If you’ve overheard a colleague characterizing your position as “grunt work” or, worse, describing you as a “grunt worker,” it’s time to start looking for a new job. Grunt work is an American idiom that denotes menial, laborious and unappreciated work; a grunt worker is someone who is doing menial, laborious and unappreciated work.
According to the Oxford English Dictionary, the original definition of a grunt is “a low, short guttural sound” that emanates from man or beast – presumably when a lot of effort is being expended or things aren’t going so well. The word "grunt" is likely of old Danish (grynte) or German (grunnizon) origin, and probably stems from the Latin "grunnire," a verb meaning "to grunt."
"Grunt work" and "grunt worker" are examples of idiomatic usage of the word, and it’s often difficult to tell how, and when, idiomatic phrases got their start. The Macmillan Dictionary defines grunt work as "work that is boring and sometimes difficult, but not very important," and offers the British idiomatic equivalent -- donekywork. But that doesn't provide any clue about how the expression started. For that, one might have to look to the Bard himself.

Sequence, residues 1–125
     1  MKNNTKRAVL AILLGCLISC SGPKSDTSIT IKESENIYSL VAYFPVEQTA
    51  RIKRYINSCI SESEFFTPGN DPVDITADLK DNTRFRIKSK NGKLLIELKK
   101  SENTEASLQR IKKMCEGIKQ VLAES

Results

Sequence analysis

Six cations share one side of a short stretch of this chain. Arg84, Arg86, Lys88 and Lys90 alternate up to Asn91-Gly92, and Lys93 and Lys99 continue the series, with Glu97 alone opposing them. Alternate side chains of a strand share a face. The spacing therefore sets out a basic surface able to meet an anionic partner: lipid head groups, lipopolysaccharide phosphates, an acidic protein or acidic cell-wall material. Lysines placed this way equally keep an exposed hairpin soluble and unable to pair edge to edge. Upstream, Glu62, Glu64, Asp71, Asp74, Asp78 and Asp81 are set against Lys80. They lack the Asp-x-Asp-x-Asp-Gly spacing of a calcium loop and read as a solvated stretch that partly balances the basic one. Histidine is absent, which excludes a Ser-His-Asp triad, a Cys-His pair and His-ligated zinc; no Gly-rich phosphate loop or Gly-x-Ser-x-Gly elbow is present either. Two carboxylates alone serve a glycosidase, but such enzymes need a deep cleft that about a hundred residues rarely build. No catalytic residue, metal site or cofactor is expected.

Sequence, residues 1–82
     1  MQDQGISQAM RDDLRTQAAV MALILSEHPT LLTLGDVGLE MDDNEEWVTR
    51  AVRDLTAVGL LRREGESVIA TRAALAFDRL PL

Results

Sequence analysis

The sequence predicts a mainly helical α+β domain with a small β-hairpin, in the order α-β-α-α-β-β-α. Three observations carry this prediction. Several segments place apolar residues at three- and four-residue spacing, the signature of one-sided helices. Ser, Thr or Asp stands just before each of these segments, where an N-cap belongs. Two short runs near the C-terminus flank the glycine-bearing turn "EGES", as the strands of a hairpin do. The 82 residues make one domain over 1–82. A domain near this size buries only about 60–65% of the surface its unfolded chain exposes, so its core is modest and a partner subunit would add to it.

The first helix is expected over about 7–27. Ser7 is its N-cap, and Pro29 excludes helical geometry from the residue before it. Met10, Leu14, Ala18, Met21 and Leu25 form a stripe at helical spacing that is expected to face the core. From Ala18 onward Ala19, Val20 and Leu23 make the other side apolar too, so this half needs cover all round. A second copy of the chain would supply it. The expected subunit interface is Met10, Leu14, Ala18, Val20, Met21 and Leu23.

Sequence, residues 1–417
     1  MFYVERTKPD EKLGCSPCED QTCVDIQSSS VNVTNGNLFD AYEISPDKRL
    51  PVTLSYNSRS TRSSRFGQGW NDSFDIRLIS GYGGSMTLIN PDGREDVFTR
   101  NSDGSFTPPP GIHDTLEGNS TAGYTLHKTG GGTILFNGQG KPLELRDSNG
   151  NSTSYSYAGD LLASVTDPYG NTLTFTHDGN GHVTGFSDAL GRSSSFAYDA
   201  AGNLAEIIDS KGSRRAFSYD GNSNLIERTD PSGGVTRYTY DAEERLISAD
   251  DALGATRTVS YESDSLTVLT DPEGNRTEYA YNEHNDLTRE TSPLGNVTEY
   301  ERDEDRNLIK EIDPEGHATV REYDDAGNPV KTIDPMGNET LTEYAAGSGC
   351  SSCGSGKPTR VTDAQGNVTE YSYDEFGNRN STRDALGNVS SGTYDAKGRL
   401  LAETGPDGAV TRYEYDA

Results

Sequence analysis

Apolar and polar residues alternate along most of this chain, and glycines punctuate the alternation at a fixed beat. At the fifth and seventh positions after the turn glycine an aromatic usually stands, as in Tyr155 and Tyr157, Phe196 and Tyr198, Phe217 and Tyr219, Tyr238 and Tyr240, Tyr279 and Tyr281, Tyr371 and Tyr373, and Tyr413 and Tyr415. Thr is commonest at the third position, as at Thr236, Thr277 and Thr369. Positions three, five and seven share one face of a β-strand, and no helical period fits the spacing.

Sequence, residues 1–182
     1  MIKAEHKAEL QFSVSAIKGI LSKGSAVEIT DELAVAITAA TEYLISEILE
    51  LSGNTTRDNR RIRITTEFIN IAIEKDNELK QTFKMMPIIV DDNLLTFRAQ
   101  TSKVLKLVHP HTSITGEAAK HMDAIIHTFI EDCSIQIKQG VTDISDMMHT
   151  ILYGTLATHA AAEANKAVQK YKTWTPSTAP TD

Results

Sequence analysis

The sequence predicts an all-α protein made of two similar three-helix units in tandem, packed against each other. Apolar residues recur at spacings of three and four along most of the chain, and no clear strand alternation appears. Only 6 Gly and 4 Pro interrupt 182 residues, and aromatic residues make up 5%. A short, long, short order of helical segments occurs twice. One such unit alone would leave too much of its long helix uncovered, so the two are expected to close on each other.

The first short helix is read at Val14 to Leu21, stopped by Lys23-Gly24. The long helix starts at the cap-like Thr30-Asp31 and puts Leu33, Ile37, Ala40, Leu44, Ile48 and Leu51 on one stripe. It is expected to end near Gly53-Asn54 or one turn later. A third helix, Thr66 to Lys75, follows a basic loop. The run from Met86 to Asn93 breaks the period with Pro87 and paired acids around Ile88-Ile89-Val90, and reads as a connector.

If grunting is a sound humans make, the association of grunting and laborious work might have its origins in Hamlet’s famous “To be, or not to be” soliloquy:
Who would fardels [or burdens] bear To grunt and sweat under a weary life But that the dread of something after death The undiscover'd country from whose bourn No traveller returns, puzzles the will And makes us rather bear those ills we have Than fly to others that we know not of?
If Shakespeare is to be believed, the only thing less enjoyable than doing work that makes one “grunt and sweat under a weary life” is death.
Skipping ahead a couple of centuries, the Urban Dictionary – a crowd-sourced resource of idiomatic and slang expressions – defines a grunt as a low-ranking soldier. The Online Etymology Dictionary says the idiom first emerged as military slang during the Vietnam War and was first recorded in print in 1969, but "grunt work" as slang for menial, physically demanding labor has been around since the early 1900s.
Helen O'Connor is an award-winning journalist, writer and editor with more than 20 years of experience. She has covered pop culture, politics, technology, manufacturing, medical science and parenting, among other topics.